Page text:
Class Act

June 26, 2013  |  Posted by David Pollitt
Class act Marvin Harrison
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At the 2006 Super Bowl media day (5 days before game day) a quite and unassuming player star player sat and answered questions for almost an hour.   No it wasn’t Peyton Manning, rather it was Marvin Harrison.  In a day and age where star wide receivers brag about their abilities, put on elaborate shows in the end zone and reach for the attention of the media and fans you have examples of a class act like Harrison.   At this point in his career, he had quietly amassed hall of fame numbers (1,022 catches, 13,697 yards, and 122 touchdowns).

Many predicted that when he finally hangs up his number 88 jersey he will be one the greatest wide receiver in NFL history.

From season to season Harrison comes to work each day and strives to be the very best he can be.   He’s one of the first out of the locker room after a game and never sits down for interviews (the Super Bowl media day was one of his first interviews in recent memory).   When asked about his past performances and career Marvin said “I always wanted to be as good as anyone out there, whether it was 10 guys on a court or 22 guys on the field,” he said. “The goal was to be as good as I could be.”   As the topic changes to lifestyle he describes his life as unspectacular “I hang out, go to dinner, do things normal people do”.   He also mentions that his quest for the Super Bowl is not the Herculean conquest that many people have made it out to be.   He certainly has the respect and admiration of some of the finest players in the game…like Peyton Manning, other wide receivers in the game and virtually any person who has ever watched him perform on the field.

In hockey you see similar great athletes who were just hard working, humble and respectful.  Players like Wayne Gretzky, Mario Lemieux, Mark Messier, Steve Yzerman, Joe Sakic, Martin Brodeur, Scott Stevens, Ron Francis, among many others show what it’s like to be a class act.  These guys didn’t use performance enhancing drugs or abuse alcohol.  They didn’t taunt other players or trash talk on the ice.   Instead they showed up to the rink day after day and put in their best efforts all the time.

A fine example of this is after the retirement of hockey great Mark Messier his longtime teammate and friend Wayne Gretzky told the media “Mark has done so much for the game of hockey and taught so many of our young players.   He was an exceptional leader who was unselfish, hardworking and dedicated.   He truly loved the game.   He was the best player I ever played with and it was a pleasure to play with him each and every day”.

In other sports we see the same kind of respect and classy attitude from superstar athletes.   Jack Nicklaus, Michael Jordan, Roger Federer,  Bjorn Daehlie (the greatest winter Olympian of all time) or Hank Aaron are all examples.   These kings of their sports could certainly brag about being the greatest or most accomplished.   They would have cause to hold up one finger in the sky and taunt any opponent.   But they never do.   Instead these fine ambassadors for their sport show what it means to give back to younger generations, treat folks with respect and work hard in the pursuit of excellence.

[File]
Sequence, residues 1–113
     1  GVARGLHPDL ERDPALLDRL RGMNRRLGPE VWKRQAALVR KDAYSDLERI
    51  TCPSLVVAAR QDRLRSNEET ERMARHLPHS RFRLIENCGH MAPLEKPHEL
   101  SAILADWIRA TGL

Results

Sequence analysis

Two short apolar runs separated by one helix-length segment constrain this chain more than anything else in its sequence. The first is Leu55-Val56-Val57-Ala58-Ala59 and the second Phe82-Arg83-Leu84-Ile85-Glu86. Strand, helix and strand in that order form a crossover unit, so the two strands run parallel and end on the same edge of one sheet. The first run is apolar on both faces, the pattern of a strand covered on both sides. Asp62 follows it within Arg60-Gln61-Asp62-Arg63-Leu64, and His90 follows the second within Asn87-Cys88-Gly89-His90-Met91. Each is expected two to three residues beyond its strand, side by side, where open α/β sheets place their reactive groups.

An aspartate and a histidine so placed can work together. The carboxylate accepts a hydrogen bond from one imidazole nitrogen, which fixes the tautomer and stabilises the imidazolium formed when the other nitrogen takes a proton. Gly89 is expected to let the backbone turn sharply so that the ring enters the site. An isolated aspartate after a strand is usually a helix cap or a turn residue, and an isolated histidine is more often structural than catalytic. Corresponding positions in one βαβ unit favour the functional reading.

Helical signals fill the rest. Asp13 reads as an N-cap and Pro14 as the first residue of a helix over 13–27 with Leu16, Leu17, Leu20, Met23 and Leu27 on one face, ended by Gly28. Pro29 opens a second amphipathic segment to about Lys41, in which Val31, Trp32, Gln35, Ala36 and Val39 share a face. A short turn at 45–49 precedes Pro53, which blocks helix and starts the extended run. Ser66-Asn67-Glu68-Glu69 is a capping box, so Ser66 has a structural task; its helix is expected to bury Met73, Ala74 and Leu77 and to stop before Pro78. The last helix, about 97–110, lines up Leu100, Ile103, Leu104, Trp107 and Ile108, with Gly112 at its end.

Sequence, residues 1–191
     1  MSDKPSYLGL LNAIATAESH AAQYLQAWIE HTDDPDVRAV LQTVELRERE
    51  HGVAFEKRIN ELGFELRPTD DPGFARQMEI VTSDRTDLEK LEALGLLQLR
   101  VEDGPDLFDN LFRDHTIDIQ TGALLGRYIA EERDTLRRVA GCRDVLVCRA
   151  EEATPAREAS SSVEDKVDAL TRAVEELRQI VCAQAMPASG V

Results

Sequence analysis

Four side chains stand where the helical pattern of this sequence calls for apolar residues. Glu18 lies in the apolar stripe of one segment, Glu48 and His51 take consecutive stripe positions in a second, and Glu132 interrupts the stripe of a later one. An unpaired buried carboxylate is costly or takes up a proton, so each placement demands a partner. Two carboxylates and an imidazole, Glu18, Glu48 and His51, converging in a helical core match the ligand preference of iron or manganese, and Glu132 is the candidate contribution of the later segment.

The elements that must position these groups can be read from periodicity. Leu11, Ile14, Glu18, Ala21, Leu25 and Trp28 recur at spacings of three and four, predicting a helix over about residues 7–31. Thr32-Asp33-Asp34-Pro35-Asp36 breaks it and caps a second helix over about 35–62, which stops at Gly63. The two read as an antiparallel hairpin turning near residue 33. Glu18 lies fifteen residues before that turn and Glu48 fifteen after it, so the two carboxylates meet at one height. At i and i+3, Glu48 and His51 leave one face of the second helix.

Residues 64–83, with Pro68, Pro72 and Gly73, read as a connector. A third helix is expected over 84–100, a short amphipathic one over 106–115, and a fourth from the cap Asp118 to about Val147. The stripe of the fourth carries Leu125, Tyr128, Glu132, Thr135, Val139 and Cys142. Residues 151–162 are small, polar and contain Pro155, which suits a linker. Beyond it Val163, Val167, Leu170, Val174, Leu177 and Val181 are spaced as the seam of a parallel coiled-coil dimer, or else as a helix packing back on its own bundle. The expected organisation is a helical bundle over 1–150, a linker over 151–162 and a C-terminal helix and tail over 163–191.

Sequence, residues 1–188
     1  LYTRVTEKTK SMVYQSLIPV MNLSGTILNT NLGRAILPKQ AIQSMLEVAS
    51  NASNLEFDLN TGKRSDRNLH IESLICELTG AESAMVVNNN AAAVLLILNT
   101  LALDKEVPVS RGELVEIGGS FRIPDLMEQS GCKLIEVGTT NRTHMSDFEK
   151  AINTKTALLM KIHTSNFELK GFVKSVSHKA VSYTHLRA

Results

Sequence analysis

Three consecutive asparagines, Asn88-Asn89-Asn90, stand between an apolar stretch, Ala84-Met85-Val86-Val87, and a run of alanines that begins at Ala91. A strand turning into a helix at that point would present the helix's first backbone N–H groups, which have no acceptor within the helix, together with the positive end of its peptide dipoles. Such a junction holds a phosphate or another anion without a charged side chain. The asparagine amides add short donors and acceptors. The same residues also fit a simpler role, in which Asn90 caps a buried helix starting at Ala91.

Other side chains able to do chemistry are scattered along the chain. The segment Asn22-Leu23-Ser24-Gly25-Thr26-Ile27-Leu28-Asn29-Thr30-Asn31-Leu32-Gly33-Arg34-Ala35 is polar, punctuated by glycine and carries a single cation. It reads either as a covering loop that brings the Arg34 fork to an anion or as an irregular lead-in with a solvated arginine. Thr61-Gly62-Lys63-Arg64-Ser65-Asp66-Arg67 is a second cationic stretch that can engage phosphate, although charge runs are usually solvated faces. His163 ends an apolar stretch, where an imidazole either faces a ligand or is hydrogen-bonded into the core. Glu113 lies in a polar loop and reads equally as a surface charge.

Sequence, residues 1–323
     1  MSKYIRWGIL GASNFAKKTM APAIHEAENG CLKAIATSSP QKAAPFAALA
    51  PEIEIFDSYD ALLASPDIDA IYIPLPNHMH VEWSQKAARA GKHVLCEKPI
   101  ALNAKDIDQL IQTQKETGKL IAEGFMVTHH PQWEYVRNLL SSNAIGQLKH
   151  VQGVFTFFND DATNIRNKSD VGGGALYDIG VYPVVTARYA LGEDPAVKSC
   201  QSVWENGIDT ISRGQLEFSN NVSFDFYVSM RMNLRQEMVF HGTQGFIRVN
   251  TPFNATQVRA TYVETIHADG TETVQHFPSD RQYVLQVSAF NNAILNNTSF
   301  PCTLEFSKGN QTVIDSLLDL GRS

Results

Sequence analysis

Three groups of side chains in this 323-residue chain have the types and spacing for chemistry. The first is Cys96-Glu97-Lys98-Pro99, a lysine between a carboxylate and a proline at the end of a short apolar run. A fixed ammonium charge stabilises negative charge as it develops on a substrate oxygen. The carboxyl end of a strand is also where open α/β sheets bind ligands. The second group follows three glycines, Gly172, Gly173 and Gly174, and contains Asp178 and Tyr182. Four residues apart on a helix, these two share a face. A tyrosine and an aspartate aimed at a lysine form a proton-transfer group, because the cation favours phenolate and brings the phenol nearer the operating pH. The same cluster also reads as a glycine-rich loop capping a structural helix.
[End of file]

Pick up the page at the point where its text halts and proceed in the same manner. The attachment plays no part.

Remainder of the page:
In a day and age where you see the Reggie Bush’s of the world taunting players and then somersaulting into the end zone during the 2006 NFC championship game (which they lost), Terrell Owens causing off-field drama with his team mates (throughout his career) or Kobe Bryant getting caught up in off-court scandals that nearly ruined his reputation it might be hard to figure out how to act.   After all, these professionals are very good at what they do and are paid large sums of money to do it.  Yet something is different from a Terrell Owens and a Marvin Harrison.   They both might go to the hall of fame, but they are not respected or admired the same with other players, coaches or fans.   It’s not cool to flaunt your abilities or brag about who you are just because you can…it doesn’t accomplish anything other than show that you have no class.

There’s nothing wrong with a little celebration when you succeed.   It’s natural to express happiness in a big goal (like the recent celebration in overtime by Patrick Kane as he scored the game 4 winner).   The difference is how you act the rest of the time, how you treat others and what you give back to the sport.   In the old days of hockey guys used to school rookies when they went against the grain or got out of line with their egos.   This was a message from the veterans saying that one player is not above the game, rather they should have respect and gratitude to be a professional athlete and do what they love.

How can you be a class act?  Well respecting the game, your opponents and yourself is a great place to start.  Work hard every day to be the best and never settle for anything less (by my book DRYLAND if you need expert advice on how to get the most from your training).  Give back to the game as a coach, ref, or mentor player if possible.  In short, do the things that great athletes who are respected and loved do every day.

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